Julian Assange, founder of Wikileaks who is holed up in the Ecuadoran embassy in London,  has said  that if Obama commutes Manning, he would agree to extradition in the United States to face charges of publishing classified material.  (That would presumably be better than extradition to Sweden to face charges of rape and sexual assault.)  Manning’s revelations helped bring Wikileaks to prominence.

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Czech Republic tells citizens to arm themselves

Cz805The Czech Republic, perhaps the most pro-gun nation in Europe, has called on its citizens to arm themselves as a line of defense against terrorists.

Meanwhile, the former Soviet satellite has been battling the European Union, of which it is a member, which has been trying to pass more gun restrictions.  With the help of Finland, Germany, and various national “right wing” groups, the measure was weakened.  But the version that passed will still force member nations, including the Czechs, to impose a ban on “military-style” firearms and to require gun buyers to pass “psychological checks.”

Nevertheless, the Czechs are considering a constitutional amendment to strengthen gun rights. [Read more…]

Obama gets tough on immigration

Carnival_Liberty_Cuban_RefugeesWith about a week left in office, President Obama has finally cracked down on immigration:  against Cubans.   Escapees from our Communist neighbor have long been given automatic legal immigrant status once they arrive on our shores. But no more.  Now they will be returned for punishment.

The Obama administration says that now, in light of our “normalized relations” with Cuba, Cuban refugees will be treated like any other immigrants.  Except other immigrants are allowed to enter illegally with impunity and they are hardly ever returned to their homelands.  Yes, Fidel Castro is dead, but his brother Raul, now in charge, is also said to be a merciless dictator.  Cubans fleeing Communism tend to be freedom-loving types who–like the families of Marco Rubio and Ted Cruz–tend to become conservative Republicans. Could this have anything to do with this tightly-focused crackdown?  Surely not.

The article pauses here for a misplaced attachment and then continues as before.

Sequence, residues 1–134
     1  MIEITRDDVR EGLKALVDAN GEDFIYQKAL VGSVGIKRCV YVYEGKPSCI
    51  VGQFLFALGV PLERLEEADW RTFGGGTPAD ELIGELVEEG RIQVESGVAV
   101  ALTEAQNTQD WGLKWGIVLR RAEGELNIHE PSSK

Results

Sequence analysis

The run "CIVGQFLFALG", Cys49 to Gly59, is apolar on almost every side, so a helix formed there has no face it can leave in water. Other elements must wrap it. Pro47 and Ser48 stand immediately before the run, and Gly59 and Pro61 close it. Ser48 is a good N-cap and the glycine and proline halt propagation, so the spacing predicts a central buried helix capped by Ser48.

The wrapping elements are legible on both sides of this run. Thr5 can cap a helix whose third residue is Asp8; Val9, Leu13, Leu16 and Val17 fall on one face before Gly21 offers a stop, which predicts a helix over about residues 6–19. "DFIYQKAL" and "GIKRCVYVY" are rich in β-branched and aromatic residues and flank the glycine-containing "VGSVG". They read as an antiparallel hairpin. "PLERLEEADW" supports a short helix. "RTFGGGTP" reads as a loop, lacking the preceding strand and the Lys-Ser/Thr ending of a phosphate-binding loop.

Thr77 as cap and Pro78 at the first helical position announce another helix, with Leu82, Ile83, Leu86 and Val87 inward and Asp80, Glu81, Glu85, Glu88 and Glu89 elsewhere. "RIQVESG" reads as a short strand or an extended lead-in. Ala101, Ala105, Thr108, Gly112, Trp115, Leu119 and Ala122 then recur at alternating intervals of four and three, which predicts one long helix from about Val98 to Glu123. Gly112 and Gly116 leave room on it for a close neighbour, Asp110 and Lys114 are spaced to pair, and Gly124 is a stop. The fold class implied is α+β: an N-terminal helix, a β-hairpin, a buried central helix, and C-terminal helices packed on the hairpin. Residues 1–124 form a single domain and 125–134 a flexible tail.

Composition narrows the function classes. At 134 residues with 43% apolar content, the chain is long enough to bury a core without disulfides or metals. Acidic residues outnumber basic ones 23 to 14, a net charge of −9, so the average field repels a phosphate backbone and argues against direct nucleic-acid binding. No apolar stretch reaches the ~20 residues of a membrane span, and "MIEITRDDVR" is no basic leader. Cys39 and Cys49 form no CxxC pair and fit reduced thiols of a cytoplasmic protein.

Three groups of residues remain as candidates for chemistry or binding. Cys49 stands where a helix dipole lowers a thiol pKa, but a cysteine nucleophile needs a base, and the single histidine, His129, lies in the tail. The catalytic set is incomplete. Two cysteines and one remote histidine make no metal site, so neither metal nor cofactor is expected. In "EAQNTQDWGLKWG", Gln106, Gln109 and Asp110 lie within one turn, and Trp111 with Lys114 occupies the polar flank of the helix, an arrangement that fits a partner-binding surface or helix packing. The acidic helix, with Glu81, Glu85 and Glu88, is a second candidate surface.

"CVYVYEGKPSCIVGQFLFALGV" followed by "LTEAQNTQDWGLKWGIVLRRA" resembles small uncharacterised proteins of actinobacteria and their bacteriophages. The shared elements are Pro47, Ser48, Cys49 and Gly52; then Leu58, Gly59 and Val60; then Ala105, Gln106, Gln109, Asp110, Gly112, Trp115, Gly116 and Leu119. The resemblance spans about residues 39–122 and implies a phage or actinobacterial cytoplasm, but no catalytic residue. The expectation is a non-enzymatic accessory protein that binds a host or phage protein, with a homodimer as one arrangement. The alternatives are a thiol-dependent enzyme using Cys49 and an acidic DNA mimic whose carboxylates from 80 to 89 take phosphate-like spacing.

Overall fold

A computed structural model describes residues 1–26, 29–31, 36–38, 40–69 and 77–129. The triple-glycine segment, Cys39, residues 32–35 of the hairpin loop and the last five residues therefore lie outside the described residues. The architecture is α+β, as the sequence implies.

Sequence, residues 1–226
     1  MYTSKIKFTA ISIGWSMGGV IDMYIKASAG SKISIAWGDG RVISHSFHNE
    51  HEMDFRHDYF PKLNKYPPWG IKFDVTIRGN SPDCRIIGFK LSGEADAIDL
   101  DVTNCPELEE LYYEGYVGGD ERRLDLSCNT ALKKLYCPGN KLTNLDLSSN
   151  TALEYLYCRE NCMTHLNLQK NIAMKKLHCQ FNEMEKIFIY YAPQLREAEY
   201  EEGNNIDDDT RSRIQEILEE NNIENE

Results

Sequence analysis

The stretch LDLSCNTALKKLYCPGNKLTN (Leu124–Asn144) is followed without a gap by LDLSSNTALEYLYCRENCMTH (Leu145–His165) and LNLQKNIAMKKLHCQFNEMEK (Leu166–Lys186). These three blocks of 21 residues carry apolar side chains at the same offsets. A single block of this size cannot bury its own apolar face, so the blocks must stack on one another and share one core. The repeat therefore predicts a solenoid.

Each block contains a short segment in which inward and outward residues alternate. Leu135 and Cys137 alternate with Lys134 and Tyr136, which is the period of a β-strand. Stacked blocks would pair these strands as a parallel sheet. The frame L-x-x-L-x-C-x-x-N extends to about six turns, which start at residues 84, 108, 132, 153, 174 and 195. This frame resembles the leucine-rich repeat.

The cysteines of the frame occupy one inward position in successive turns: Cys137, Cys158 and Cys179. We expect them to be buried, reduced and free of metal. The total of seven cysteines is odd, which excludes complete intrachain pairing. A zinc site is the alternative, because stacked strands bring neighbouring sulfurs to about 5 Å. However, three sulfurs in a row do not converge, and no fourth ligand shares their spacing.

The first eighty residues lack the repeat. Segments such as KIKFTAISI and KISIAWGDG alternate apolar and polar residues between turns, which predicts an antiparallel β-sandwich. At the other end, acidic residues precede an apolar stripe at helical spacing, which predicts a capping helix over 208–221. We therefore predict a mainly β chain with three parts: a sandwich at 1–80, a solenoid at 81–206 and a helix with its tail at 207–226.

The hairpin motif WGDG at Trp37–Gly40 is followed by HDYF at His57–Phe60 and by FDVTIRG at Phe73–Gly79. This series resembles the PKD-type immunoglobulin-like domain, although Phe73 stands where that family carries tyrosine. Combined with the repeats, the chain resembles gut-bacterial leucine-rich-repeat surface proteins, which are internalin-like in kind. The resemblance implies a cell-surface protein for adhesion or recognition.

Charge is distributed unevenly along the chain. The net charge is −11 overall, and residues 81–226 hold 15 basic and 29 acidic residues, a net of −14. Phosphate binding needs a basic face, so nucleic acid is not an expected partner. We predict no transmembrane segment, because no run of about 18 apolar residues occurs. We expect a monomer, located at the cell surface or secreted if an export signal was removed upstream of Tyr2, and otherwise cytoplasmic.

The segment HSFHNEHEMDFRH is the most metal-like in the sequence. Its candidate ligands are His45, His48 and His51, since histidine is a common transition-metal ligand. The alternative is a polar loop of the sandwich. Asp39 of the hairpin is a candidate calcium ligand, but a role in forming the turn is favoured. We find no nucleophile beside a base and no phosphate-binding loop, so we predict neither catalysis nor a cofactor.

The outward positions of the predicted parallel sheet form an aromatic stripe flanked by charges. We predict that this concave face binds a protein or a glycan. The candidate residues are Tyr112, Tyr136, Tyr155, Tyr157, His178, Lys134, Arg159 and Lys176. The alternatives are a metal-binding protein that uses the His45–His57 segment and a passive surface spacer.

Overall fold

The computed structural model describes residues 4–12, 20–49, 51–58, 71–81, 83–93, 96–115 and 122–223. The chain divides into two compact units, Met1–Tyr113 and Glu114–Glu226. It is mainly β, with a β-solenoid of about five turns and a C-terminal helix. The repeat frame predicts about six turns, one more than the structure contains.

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Gay divorce

divorce-1021280_640We have gay marriage.  Now we are also getting gay divorce.  The New York Times has published an op-ed piece entitled  “I Got Gay Married. I Got Gay Divorced. I Regret Both.”  The author, Meredith Maran, tells with poignant honesty how she crusaded for gay marriage, took the plunge, but then went through a long, costly, and painful divorce.

After the jump, theology professor Denny Burk quotes from the article and comments on the problem:  wanting the rights of marriage without the norms of marriage (fidelity, permanence).

The same could be said of many heterosexual marriages.  But is there anything about gay relationships that makes permanence especially difficult?  What role might bearing children play in making marriage permanent?  But how would you account for marriages with children that break up anyway?  Some people are saying that marriages shouldn’t necessarily be permanent at all, though breakups are still traumatic, even for those who think that way.  Do you have any suggestions for lowering the incidence of divorce, including among heterosexual Christians?